Metro Man Remembers D-Day

Friday, June 6th 2014, 8:37 pm
By: News 9

70 years ago, our country's brave service members defied every danger in the invasion of Normandy in World War II.

Former U.S. Army Lt. Bob Perry, 90, fought on D-Day and says he remembers every moment and has a 70-year-old journal to prove it.

"Let's see, June 6, 1944, today, we were awakened at 00:30 hours," said Perry. "The Cornel told us that the gas load and then told us that today, our ground forces were starting to land just six minutes after we bomb the coast."

Perry remembers waking up that early morning with no hot water, shaving and eating breakfast before their general briefing.

"When we saw what it was, and they told us that today was the invasion day, then we quit grumbling and started paying attention," Perry said.

Perry says he was a part of the 8th Air Force, 379th bomb group, 527th bomb squadron, 1st bomb division and 41st combat wing.

"I couldn't imagine that it would fail, because it was just too much planning, too many men, and too much heart went in to it," Perry said. "I was there for that, and I saw that, and I couldn't imagine that there were that many boats in the whole world."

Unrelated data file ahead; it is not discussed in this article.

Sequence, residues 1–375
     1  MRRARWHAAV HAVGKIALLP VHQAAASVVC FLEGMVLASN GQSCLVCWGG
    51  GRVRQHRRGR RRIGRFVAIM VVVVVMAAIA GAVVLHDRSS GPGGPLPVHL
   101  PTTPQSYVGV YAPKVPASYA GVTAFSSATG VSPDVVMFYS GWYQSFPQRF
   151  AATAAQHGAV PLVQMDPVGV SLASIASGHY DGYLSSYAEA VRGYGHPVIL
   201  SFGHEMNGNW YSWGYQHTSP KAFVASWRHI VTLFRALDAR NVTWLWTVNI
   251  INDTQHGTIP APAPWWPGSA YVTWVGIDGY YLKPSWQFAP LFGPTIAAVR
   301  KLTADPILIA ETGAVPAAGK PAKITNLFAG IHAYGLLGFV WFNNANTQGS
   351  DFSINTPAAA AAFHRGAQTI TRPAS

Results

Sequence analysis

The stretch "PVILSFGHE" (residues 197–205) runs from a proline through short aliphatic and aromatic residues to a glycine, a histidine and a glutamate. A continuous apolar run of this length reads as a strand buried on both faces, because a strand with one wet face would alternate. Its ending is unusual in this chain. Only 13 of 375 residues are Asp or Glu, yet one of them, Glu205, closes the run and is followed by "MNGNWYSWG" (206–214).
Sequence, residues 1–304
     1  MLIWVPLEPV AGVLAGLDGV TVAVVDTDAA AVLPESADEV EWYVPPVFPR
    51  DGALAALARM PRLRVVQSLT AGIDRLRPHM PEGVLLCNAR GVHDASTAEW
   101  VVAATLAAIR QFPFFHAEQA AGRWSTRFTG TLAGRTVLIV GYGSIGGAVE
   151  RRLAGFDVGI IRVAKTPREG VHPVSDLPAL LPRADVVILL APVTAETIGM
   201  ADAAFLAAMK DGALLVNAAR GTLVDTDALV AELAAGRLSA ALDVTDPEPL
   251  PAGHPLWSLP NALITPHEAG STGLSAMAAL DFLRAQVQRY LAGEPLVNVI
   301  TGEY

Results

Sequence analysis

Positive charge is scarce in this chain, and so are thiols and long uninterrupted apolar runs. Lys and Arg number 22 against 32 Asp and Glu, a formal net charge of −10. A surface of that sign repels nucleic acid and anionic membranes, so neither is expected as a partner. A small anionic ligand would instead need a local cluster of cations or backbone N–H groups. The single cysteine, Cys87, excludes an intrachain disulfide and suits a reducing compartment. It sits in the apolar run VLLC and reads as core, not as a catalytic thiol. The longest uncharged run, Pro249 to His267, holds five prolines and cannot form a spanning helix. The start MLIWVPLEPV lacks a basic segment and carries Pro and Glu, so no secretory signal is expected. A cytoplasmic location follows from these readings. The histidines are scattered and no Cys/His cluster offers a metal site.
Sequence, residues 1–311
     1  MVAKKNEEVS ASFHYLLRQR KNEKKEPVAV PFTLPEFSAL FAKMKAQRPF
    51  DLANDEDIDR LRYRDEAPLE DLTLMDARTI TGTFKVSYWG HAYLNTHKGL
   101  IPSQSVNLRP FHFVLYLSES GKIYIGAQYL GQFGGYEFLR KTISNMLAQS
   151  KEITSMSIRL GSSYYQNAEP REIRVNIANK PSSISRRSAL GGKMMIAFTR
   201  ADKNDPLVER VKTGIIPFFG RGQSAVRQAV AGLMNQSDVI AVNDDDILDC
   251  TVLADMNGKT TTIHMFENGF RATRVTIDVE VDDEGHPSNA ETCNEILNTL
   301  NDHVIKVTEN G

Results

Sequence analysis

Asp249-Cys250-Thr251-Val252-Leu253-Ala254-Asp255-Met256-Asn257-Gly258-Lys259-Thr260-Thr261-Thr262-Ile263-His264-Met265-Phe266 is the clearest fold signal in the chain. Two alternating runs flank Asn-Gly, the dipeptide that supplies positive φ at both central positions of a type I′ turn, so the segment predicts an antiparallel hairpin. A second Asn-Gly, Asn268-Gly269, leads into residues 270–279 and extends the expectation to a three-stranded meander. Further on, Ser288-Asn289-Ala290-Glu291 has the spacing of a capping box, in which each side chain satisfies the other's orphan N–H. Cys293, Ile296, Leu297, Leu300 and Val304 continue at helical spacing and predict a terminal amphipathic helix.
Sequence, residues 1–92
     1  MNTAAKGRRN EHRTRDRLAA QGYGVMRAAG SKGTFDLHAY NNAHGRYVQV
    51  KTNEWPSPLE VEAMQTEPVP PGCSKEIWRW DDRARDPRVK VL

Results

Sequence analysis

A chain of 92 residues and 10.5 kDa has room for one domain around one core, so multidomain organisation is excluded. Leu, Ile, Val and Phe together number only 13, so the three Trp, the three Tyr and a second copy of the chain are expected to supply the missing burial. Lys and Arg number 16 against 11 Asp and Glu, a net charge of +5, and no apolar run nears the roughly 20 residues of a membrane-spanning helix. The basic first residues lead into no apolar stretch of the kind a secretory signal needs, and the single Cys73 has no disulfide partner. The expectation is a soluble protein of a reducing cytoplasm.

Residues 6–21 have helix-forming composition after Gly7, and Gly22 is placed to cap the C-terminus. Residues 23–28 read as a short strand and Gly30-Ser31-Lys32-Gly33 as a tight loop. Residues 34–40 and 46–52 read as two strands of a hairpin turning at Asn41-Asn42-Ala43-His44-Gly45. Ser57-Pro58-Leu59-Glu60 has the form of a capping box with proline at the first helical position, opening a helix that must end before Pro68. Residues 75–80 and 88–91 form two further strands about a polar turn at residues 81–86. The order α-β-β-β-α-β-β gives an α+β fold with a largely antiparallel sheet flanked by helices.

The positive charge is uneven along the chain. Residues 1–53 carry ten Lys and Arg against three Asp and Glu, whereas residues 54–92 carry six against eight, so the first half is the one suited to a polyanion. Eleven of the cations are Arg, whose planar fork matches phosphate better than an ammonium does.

Now, with white hair and a walker, Perry remembers being a frightened 20-year-old navigator inside a B-17.

"Anybody who says he wasn't scared when people are shooting at him is either a liar or a fool or both," said Perry.

Perry says there was so much to fear, like the enemy flak, an anti-aircraft warfare.

"We always said if a bullet got your name on it, it's going to get you," said Perry. "But flak, they just shot it up there and labeled it To Whom It May Concern."

His well-decorated bomb group fought bravely, and some paid the ultimate price.

"Freedom is not free, a lot of fine young men didn't come back, and I saw a lot of my friends die, and that makes me think of what we have is worthwhile," said Perry. "We didn't think we were so special. We knew that there was a job that had to be done, and we were the ones who were called on to do it, so we did it."

Bob Perry has so many memories of his historic D-Day fight, but says his greatest memory is that he survived.